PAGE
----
Microbial Community DNA Isolation and Sequencing

Excised fungi were placed into 1.5-ml microcentrifuge tubes and DNA was extracted using the Quick-DNA Fecal/Soil Microbe Miniprep Kit (D6010, Zymo Research, Irvine, CA, USA). The ITS region of the fungal DNA was amplified using polymerase chain reaction (PCR), using primers that consisted of ITS4 5’-TCCTCCGCTTATTGATATGC-3ʹ and ITS5 5ʹ-GGAAGTAAAAGTCGTAACAAGG-3ʹ (White et al. 1990). In each reaction, 1 μl of each of extracted DNA and primer (10 μM), 9.5 μl of nuclease free water, and 12.5 μl of master mix containing 50 units/ml of Taq DNA polymerase (Hot Start Taq 2X Master Mix, Promega, Madison, WI, USA) were combined in a proprietary reaction buffer (pH 8.5). Briefly, the PCR program consisted of 2 min of initial denaturation at 95 °C, followed by 30 cycles of 95 °C for 30 s, 55 °C for 1 min, and 72 °C for 1.5 min. Afterwards, a final extension was performed at 72 °C for 5 min, then PCR products were held chilled at 4 °C. To clean up the samples, 5 μl of PCR products were mixed with 2 μl of ExoSAP-it (ThermoFisher Scientific, Waltham, MA, USA), then placed in the thermal cycler at 37 °C for 15 min, and ramped to 80 °C for a further 15 min. Finally, the amplicons were sent for bidirectional sequencing on an ABI 3730XL instrument (Eurofins Scientific, Brussels, Belgium), and the resulting sequences were quality-filtered and aligned using Sequencher (v. 5.4.6, Gene Codes, Ann Arbor, MI, USA). The consensus sequences were searched against NCBI’s nucleotide database (nt) using the BLASTn algorithm (Altschul et al. 1997). In order to circumvent taxonomic misassignments, the consensus sequences were also checked against Michigan State’s Ribosomal Database Project (RDP) that searches the UNITE Database (Wang et al. 2007). The consensus sequences were submitted to GenBank and under the accession numbers MT883436–MT883460.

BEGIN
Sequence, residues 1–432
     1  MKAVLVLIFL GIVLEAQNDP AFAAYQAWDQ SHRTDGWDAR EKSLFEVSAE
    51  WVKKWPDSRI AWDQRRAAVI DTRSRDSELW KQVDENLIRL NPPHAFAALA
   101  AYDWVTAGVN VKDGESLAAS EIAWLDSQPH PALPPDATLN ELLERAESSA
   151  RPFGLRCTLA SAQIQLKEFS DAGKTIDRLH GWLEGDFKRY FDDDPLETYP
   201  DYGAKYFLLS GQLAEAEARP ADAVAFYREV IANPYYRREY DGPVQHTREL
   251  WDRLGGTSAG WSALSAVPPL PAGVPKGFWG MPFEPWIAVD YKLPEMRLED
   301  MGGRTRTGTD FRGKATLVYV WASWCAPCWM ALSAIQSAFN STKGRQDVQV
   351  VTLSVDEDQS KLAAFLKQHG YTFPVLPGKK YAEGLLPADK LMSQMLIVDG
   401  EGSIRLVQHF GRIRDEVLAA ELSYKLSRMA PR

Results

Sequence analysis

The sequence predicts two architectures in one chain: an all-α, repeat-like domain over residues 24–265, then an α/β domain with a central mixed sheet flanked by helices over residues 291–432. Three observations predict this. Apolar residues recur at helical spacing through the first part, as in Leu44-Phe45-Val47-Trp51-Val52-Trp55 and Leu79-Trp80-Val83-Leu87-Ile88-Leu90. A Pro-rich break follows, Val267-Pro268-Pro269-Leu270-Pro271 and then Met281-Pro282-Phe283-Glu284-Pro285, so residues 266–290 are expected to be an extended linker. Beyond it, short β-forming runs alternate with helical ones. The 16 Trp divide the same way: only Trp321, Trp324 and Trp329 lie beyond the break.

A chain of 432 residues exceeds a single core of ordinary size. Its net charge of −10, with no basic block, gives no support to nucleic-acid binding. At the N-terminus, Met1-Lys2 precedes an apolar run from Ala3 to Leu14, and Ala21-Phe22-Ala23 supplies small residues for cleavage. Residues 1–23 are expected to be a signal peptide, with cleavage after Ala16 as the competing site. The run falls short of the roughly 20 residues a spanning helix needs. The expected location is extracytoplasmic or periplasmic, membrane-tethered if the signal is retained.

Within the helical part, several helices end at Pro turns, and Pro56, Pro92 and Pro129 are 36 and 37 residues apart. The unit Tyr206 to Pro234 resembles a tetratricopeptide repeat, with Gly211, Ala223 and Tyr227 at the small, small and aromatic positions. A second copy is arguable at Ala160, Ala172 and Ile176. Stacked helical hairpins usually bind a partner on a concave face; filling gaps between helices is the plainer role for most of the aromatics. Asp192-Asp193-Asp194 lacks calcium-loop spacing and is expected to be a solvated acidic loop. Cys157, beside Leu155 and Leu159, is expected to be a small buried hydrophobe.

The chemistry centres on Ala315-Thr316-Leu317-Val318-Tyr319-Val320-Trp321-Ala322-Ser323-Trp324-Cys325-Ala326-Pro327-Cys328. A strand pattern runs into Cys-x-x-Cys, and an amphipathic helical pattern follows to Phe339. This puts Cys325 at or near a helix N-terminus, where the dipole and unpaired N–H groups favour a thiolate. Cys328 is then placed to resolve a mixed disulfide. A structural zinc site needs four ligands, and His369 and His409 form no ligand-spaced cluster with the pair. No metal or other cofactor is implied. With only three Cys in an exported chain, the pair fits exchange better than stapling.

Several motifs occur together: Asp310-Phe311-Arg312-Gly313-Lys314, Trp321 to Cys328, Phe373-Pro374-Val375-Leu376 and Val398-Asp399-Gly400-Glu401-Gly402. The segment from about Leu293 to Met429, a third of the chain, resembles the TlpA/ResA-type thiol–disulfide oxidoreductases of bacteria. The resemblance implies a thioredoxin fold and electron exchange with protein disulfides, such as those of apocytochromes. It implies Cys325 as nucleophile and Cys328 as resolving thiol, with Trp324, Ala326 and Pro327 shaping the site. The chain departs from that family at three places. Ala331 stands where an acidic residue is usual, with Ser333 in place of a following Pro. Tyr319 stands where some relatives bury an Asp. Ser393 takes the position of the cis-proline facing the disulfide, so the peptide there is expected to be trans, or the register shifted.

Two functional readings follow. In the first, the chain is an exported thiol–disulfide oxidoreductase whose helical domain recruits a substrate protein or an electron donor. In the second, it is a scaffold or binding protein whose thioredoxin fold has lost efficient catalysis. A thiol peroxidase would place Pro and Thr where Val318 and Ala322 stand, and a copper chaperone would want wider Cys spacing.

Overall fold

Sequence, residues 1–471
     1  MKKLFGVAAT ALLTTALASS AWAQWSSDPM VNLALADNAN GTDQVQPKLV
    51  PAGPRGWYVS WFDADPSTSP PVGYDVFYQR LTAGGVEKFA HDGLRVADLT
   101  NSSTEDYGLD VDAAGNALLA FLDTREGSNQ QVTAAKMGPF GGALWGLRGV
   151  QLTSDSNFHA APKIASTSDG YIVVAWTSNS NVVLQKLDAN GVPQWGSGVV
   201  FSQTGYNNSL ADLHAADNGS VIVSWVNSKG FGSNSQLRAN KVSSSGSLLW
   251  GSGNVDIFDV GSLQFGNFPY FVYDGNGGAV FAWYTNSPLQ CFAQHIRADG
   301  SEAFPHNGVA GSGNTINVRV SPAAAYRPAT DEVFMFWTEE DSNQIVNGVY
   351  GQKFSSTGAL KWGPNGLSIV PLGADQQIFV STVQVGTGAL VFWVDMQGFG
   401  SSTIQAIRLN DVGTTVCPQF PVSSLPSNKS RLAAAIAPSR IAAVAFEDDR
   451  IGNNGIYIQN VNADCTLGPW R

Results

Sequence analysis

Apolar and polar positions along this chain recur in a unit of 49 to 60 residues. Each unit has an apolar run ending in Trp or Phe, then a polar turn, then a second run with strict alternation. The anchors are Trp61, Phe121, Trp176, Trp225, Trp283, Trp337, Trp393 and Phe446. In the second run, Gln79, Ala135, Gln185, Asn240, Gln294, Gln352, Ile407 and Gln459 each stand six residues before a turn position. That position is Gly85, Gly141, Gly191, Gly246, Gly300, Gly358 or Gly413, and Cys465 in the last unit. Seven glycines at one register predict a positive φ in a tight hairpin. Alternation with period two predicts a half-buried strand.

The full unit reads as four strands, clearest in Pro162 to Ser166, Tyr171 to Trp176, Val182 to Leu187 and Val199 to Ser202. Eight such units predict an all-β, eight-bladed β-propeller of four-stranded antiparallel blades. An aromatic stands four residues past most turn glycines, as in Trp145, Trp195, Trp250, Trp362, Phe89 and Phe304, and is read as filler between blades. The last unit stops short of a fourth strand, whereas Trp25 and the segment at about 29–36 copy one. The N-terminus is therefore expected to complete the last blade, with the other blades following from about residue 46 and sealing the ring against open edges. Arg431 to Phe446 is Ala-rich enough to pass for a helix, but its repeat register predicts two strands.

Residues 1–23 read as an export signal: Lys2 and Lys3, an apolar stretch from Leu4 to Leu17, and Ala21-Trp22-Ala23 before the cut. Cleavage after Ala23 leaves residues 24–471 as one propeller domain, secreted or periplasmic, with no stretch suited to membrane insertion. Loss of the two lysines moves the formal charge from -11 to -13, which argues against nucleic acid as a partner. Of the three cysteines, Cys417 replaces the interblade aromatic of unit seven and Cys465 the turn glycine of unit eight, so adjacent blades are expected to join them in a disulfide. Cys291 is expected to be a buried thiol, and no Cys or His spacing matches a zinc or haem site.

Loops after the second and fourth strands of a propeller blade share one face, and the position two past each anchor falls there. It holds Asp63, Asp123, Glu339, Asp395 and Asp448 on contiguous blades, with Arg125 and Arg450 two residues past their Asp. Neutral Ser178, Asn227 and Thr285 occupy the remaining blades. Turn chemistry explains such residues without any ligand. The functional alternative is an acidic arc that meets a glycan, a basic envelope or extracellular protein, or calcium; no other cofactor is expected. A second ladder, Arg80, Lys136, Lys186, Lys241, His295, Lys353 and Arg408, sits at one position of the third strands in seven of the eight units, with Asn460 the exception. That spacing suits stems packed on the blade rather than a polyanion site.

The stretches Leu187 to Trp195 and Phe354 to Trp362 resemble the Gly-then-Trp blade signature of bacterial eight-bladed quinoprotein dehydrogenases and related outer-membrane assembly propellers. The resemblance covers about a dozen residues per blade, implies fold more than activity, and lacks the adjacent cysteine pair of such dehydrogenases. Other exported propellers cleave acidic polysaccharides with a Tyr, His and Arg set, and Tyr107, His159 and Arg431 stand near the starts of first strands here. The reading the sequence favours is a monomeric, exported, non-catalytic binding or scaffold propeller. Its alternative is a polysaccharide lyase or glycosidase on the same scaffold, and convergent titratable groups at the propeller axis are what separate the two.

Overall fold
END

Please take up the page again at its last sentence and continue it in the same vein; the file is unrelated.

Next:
Sensory Panel Evaluation of Grain

In order to confirm that the volatiles coming off of the grain were indeed of microbial in origin and not simply grain volatiles that have also been ascribed a dual purpose as MVOC’s from the literature, an informal sensory panel was convened from three volunteer technicians at the USDA Center for Grain and Animal Health Research. Each volunteer was familiar with unadulterated and spoiled grain from extensive experience handling insect colonies on grain. Each volunteer was given the opportunity to smell the bouquet of N = 4 replicates of each treatment combination of incubation period (9d, 18 d, 27 d) and grain moisture (ctrl, 12%, 15%, 18%) listed above and was asked to report the odor as “grain-like”, “spoiled”, or “other”. Exactly 5 g of each treatment was placed in a 3-oz capacity plastic container, were covered with lids, and then randomly assigned a location on tray with the identity of the treatment known only to an impartial third observer not participating in the study. Volunteers then sequentially sniffed each treatment, leaving 1 min between each sniff in order to allow a recovery time to cleanse the palette prior to additional tests. On a given day, a single person smelled 16 samples.

Statistical Analysis

Differences in fungal damage from near-infrared spectroscopy were analyzed by comparing the proportion of damaged grain (by weight) of 100 g among grain moisture treatments, and within a grain moisture treatment among incubation intervals using χ2-tests relative to the null hypothesis that damage was equal between treatments. A Bonferroni correction to the α-threshold was used to control for the family-wise error rate.